Thus we ascertain that even though we all generally have similar exterior forms and physical expressions, they differ from those of others. Each individual expresses a particular character and is distinguishable from others.

Psychical expressions are more difficult to perceive because they have to be deduced from impressions received. An individual may be strong- or weak-willed, impressive or easily impressed. Upon closer association, we can get to know his or her sentiments. A person may be motivated by love, kindness, generosity or altruism, or again may be bad, selfish, full of hatred, etc. Visibly, psychical expressions can also become apparent through facial expressions which manifest joy, anger, sadness, enthusiasm, indifference, fear, composure, daring, etc.

Though emotional expressions are common to all, their manner of expression is unique in each individual. In other words, we all love, hate, laugh or cry, yet each one of us does so in his or her own particular way.

Spiritual or mental expressions are still more difficult to determine because they require the study of those expressions that bear the stamp of the individual's thought and logic. People are of various degrees of intelligence: some grasp ideas quickly, others comprehend slowly; some have a keen power of observation, others lack it; some are imaginative, some strong-minded, some are narrow or broad minded, wise, foolish or slow-witted. We also observe particular mentalities: there are intellectuals, materialists, realists, idealists, positivists, optimists, pessimists, mathematically inclined etc.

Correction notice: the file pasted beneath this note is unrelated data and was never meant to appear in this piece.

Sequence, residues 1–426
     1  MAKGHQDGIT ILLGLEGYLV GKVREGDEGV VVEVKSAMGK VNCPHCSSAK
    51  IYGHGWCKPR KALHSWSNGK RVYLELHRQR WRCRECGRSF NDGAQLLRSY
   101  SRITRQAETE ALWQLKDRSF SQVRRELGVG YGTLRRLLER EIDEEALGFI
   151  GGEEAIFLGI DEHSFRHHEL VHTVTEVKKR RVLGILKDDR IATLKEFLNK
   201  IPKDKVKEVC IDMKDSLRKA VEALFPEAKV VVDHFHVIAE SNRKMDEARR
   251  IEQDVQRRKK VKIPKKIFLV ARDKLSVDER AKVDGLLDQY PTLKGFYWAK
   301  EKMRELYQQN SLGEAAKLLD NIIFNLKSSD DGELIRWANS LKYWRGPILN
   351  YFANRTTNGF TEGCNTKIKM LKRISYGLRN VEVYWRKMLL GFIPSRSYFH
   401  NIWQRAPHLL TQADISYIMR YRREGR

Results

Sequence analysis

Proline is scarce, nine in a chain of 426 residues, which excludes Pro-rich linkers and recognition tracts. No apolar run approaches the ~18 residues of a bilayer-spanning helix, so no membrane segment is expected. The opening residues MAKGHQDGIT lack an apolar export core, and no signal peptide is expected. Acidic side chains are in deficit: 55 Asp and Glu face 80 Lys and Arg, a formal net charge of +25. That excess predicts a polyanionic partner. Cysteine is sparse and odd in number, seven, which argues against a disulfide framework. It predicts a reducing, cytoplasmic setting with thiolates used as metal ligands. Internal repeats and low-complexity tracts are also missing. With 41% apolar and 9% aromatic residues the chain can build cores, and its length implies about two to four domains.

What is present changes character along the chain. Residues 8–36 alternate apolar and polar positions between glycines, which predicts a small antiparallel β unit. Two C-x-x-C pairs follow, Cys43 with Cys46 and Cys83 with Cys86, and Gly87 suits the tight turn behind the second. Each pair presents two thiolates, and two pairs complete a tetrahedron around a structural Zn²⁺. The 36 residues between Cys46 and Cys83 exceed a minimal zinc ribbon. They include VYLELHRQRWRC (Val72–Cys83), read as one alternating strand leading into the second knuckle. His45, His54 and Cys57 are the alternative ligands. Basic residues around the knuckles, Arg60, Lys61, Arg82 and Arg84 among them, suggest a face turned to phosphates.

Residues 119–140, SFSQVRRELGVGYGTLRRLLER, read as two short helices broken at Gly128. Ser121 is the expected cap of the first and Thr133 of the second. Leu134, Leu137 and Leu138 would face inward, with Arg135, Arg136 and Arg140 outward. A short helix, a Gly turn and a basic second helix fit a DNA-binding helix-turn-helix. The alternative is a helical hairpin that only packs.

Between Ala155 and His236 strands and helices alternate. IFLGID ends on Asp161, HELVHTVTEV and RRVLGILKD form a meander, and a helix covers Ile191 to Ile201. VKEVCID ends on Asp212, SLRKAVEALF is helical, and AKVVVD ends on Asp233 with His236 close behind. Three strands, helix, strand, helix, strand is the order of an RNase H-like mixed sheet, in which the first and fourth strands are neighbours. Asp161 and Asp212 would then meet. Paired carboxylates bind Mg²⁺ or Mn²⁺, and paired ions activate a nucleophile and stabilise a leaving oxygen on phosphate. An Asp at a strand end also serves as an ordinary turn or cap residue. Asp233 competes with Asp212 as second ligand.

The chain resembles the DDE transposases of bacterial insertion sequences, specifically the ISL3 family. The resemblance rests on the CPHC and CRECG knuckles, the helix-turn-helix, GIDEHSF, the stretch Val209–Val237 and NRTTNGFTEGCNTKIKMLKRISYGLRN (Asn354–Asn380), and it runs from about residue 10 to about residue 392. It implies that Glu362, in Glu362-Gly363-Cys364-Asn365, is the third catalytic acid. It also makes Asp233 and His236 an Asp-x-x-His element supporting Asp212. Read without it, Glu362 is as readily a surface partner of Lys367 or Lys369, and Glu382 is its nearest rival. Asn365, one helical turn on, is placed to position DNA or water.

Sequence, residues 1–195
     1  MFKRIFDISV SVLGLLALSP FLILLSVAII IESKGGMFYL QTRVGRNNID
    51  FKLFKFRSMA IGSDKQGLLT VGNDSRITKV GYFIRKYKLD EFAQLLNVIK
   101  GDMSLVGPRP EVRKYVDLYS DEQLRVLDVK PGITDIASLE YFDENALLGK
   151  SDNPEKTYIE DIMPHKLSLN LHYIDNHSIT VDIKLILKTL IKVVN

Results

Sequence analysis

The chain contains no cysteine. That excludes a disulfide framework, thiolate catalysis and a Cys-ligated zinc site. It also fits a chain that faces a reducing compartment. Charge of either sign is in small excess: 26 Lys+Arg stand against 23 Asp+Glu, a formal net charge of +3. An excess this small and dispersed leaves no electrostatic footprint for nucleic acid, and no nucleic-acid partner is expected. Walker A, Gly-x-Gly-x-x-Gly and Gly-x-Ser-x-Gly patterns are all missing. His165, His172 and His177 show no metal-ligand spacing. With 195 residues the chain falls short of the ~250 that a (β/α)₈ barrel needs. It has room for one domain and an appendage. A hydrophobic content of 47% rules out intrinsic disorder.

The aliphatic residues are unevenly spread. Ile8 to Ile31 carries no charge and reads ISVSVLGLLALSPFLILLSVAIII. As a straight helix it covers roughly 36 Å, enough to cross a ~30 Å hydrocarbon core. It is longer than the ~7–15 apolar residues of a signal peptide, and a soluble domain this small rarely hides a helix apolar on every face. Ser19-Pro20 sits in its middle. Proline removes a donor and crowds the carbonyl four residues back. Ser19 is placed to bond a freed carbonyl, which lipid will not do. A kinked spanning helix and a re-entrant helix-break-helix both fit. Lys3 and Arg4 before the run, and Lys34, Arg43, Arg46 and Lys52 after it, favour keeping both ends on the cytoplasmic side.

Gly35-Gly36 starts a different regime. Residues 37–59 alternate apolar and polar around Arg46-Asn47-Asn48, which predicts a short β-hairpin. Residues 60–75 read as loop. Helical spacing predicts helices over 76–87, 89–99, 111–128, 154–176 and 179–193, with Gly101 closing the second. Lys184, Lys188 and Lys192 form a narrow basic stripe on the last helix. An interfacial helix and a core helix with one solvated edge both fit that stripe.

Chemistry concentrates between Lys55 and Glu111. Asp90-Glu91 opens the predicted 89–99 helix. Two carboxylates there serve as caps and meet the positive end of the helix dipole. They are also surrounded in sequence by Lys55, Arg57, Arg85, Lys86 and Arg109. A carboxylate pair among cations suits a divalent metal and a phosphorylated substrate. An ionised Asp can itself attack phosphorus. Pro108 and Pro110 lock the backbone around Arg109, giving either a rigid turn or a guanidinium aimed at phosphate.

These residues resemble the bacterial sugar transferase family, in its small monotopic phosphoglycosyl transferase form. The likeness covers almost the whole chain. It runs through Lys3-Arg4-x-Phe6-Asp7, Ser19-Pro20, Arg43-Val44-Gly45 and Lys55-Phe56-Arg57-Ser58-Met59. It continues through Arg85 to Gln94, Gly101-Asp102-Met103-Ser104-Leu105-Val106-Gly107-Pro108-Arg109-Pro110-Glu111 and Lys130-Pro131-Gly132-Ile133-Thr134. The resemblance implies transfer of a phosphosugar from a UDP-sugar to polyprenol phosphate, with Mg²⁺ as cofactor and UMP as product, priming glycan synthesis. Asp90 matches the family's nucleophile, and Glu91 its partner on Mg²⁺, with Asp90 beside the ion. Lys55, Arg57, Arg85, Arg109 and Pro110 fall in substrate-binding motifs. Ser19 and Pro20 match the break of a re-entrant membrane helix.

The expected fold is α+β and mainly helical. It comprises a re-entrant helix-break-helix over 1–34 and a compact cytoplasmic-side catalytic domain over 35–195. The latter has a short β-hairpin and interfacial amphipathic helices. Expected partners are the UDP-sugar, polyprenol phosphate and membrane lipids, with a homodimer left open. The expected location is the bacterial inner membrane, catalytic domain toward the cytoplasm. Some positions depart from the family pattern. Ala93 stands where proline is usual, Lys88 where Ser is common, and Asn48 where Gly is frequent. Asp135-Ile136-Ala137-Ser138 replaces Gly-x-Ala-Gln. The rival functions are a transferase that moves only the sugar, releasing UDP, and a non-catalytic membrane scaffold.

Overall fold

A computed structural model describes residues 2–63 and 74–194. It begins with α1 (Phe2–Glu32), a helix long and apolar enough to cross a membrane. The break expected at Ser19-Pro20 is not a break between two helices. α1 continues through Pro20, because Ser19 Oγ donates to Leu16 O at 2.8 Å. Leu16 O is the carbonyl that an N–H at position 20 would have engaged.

Here again it is not difficult to note that expressions on the mental plane are common to all, but each one of us expresses them differently. Two idealists or two materialists often exchange views on a subject on which they basically agree, since each expresses his conceptions in a different and unique way.

We are obliged to conclude from the above that each one of us has a triple personality: physical, psychical, and spiritual. Furthermore, since it is different from the personality of others in its details, it is also different in its entirety. This fact is readily and easily ascertained and its reality compels one's recognition, regardless of one's particular conceptions.